• In recent years, control of vehicle-mounted electric components has become increasingly sophisticated and the number of systems to be controlled has become large. Under such circumstances, many Electric Control Units (ECUs) have come to be adopted. The operating speed of the ECU has become faster and, correspondingly, the noise occurrence frequency is increased and the noise frequency becomes higher, resulting in adverse effect also on the FM radio.
  • A sufficient noise suppression amount can be obtained for the AM radio band by using a conventional noise filter, e.g., the noise filter disclosed in Patent Document 1; however, for the FM radio band, a sufficient noise suppression amount cannot be obtained. The cause of the above problem is considered as follows.
  • FIG. 1 is a graph showing the attenuation amount between input and output terminals with respect to frequency in the case where the input and output terminals are disposed spaced apart from each other. The graph of FIG. 1 is obtained by measuring how much a signal input to the input terminal can reach the output terminal disposed spaced apart from the input terminal while changing the frequency of the signal. That is, the graph does not show the attenuation characteristics of a noise filter in which a coil or the like is connected between the input and output terminals but shows signal attenuation characteristics between the input and output terminals, so that the graph shows electric field coupling (capacitive coupling) characteristics between the input and output terminals. As is clear from FIG. 1, the attenuation amount is large in the AM radio band (e.g., 0.5 MHz to 1.7 MHz), so that the electric field coupling between the input and output terminals can be ignored. However, the attenuation amount becomes smaller in the frequency band exceeding the AM radio band and, for example, an electric field coupling of about 50 dB has occurred in the in the FM radio band (e.g., 76 MHz to 108 MHz).
  • Thus, even if a noise filter circuit having a sufficient noise suppression amount in the FM radio band is designed, the input-side noise does not pass through the filter circuit but directly leaks to the output side due to influence of the electric field coupling between the input and output terminals, resulting in not ensuring a sufficient noise attenuation amount.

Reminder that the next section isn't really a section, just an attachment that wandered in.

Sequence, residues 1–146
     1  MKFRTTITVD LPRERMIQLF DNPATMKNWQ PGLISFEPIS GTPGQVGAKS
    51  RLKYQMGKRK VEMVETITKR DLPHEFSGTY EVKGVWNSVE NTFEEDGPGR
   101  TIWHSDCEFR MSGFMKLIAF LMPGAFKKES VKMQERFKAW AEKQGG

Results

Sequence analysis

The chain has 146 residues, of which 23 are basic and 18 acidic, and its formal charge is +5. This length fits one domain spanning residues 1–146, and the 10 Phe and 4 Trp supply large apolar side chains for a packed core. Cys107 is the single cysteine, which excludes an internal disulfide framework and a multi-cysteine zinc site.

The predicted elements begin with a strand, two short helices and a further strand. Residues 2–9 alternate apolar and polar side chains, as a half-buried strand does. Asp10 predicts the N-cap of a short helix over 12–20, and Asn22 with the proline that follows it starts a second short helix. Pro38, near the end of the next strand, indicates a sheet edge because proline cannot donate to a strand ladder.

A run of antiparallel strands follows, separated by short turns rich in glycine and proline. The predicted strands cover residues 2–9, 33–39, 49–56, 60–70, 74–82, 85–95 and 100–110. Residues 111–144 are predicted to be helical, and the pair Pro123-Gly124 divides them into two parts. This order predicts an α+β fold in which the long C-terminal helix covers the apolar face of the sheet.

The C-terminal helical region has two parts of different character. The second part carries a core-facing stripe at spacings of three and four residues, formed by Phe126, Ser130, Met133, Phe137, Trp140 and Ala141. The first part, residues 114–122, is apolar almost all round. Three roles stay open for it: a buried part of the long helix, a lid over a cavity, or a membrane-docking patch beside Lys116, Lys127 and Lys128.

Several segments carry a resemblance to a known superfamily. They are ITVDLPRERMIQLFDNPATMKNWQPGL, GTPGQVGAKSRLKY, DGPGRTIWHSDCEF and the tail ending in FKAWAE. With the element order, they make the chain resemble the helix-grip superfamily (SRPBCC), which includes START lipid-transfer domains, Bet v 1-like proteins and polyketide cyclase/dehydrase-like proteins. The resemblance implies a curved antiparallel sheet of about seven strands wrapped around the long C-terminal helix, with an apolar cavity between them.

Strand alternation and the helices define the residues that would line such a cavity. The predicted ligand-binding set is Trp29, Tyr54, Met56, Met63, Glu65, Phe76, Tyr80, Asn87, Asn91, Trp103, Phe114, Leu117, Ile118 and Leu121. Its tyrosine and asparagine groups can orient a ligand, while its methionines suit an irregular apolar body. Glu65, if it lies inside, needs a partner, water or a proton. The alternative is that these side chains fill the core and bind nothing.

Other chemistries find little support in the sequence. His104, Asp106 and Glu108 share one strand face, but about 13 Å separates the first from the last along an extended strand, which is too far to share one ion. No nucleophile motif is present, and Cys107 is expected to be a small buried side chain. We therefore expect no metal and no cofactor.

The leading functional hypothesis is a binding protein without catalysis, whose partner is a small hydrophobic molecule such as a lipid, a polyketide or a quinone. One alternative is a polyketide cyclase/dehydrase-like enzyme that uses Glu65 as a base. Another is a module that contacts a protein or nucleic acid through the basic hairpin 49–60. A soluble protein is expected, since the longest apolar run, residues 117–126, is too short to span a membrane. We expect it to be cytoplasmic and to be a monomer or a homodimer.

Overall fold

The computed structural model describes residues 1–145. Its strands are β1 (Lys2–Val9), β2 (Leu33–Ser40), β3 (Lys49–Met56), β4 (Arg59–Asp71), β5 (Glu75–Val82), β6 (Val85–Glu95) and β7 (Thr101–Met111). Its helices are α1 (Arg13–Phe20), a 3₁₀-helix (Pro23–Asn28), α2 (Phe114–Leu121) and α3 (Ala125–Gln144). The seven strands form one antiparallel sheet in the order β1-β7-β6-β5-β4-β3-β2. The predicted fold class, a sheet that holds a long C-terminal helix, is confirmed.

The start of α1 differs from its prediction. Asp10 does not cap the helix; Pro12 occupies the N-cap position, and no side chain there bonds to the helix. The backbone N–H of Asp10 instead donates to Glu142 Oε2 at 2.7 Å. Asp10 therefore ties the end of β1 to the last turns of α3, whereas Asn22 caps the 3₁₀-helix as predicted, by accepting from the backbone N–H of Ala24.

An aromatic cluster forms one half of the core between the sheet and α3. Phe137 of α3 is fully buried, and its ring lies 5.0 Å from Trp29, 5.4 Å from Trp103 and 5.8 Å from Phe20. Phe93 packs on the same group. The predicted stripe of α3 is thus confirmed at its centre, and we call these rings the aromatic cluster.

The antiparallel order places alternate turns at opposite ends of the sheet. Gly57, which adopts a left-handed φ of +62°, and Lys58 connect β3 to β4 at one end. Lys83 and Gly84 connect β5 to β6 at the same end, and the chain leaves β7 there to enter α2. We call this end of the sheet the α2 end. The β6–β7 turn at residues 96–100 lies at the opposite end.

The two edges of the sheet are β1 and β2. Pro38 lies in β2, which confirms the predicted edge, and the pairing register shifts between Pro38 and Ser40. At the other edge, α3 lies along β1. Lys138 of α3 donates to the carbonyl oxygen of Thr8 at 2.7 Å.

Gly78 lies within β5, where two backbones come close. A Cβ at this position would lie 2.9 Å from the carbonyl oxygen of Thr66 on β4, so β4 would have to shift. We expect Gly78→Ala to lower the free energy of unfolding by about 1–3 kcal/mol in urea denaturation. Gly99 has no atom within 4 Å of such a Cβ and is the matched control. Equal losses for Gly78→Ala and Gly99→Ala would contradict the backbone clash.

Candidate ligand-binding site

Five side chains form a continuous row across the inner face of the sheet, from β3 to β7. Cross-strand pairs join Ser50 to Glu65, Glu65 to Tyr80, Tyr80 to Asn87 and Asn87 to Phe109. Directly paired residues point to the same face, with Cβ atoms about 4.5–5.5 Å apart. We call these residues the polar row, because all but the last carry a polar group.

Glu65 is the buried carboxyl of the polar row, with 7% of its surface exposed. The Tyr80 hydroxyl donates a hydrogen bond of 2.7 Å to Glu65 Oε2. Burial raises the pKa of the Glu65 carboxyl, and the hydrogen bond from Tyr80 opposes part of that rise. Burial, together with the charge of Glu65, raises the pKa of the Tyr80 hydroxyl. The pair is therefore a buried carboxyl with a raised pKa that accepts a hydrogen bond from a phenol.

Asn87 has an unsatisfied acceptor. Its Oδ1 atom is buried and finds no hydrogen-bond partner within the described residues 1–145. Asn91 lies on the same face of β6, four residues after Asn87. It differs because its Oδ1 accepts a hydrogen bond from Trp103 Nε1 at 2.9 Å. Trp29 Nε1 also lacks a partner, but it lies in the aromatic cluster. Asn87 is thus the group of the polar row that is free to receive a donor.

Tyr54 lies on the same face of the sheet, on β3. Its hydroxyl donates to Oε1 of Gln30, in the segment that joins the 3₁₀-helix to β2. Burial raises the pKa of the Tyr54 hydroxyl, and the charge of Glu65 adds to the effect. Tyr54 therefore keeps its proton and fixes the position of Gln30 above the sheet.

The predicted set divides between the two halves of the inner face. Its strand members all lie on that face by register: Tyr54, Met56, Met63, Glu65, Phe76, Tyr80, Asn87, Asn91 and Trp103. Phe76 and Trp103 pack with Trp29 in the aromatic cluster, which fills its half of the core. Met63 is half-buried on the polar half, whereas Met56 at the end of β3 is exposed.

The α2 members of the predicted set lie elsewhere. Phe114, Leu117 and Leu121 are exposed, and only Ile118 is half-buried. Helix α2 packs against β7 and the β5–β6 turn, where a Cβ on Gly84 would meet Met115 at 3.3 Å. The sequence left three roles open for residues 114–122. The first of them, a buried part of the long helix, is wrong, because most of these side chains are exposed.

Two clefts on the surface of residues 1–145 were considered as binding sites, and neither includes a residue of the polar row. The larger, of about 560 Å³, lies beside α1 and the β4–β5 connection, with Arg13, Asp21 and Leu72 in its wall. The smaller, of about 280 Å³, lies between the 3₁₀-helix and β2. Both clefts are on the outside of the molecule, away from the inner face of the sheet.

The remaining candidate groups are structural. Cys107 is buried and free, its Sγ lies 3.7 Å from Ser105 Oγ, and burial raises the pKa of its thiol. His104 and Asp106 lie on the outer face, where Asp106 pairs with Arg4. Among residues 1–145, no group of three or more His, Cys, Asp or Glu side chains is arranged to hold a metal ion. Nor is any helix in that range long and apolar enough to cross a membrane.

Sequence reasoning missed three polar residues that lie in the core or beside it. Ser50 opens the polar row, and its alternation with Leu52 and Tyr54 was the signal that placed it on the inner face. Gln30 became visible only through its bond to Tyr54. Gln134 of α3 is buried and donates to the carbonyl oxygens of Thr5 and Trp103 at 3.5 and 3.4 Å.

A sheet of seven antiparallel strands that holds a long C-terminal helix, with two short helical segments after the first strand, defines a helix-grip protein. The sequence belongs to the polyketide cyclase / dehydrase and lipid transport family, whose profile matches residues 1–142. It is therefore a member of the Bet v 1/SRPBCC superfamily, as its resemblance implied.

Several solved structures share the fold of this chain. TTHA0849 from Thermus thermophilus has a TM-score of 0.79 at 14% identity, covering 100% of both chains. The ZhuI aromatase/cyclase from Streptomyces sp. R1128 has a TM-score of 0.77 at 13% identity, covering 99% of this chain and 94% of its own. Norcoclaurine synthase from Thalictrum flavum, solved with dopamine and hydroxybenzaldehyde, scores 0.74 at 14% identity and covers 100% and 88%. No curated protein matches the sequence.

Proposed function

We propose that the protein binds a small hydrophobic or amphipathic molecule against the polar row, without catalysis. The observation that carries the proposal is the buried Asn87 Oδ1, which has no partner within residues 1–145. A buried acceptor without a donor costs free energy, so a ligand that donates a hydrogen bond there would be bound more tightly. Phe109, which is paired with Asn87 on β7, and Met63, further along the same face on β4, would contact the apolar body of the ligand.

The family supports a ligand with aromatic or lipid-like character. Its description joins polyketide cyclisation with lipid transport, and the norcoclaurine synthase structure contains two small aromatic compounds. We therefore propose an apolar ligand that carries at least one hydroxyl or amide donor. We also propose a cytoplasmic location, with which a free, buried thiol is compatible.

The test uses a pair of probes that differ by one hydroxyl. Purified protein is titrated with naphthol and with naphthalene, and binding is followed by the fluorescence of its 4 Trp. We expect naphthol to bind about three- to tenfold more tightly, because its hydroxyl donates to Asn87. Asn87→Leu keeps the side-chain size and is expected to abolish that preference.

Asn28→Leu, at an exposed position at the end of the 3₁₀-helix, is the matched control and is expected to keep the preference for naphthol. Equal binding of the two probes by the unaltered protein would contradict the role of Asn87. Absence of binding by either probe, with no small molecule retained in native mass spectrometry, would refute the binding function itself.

• The electric field coupling between the input and output terminals varies largely depending on the shape of a housing of the noise filter or electric components used in the noise filter. In the case where the noise filter includes, e.g., an LC filter circuit, the coupling amount between the input and output terminals may increase due to existence of a capacitor, further deteriorating the noise attenuation performance of the noise filter.
  • An object of the present invention, therefore, is to overcome the problems existing in the prior art, and to provide a vehicle-mounted noise filter that suppresses electric field coupling between input and output terminals in the FM radio band to allow noise attenuation performance, which should originally be provided to a noise filter circuit, to be exhibited even in the FM radio band. Further, another object of the present invention is, in conjunction with the suppression of the electric field coupling between input and output terminals, to provide a vehicle-mounted noise filter capable of increasing the degree of freedom of the arrangement of the input and output terminals and capable of achieving a size reduction.
  • Means for Solving the Problems
  • To achieve the above objects of the present invention, according to one aspect of the present invention, there is provided a vehicle-mounted noise filter including: a coil obtained by winding a conductive wire around a magnetic core; input and output terminals electrically connected to both terminals of the coil, respectively; and a shielding member made of a conductive member which is grounded and disposed so as to shield the electric field between the input and output terminals.
  • The input and output terminals may be disposed near the shielding member so as to achieve capacitance coupling with the shielding member.
  • The vehicle-mounted noise filter according to the present invention may further include a capacitor. The capacitor may have one terminal electrically connected to the coil and the other terminal grounded.
  • The other terminal of the capacitor may be grounded to a ground plate, and the shielding member may be formed by processing a part of the ground plate.
  • The ground plate may be made of a magnetic material having two end plates disposed opposite to both ends of a magnetic core of the coil, respectively, and a bottom plate disposed between the two end plates and forming a magnetic path of magnetism generated from the coil. The shielding member may be disposed opposite to the bottom plate in such a manner that the shielding member and the bottom plate sandwich the coil and have both ends electrically connected to the end plates, respectively.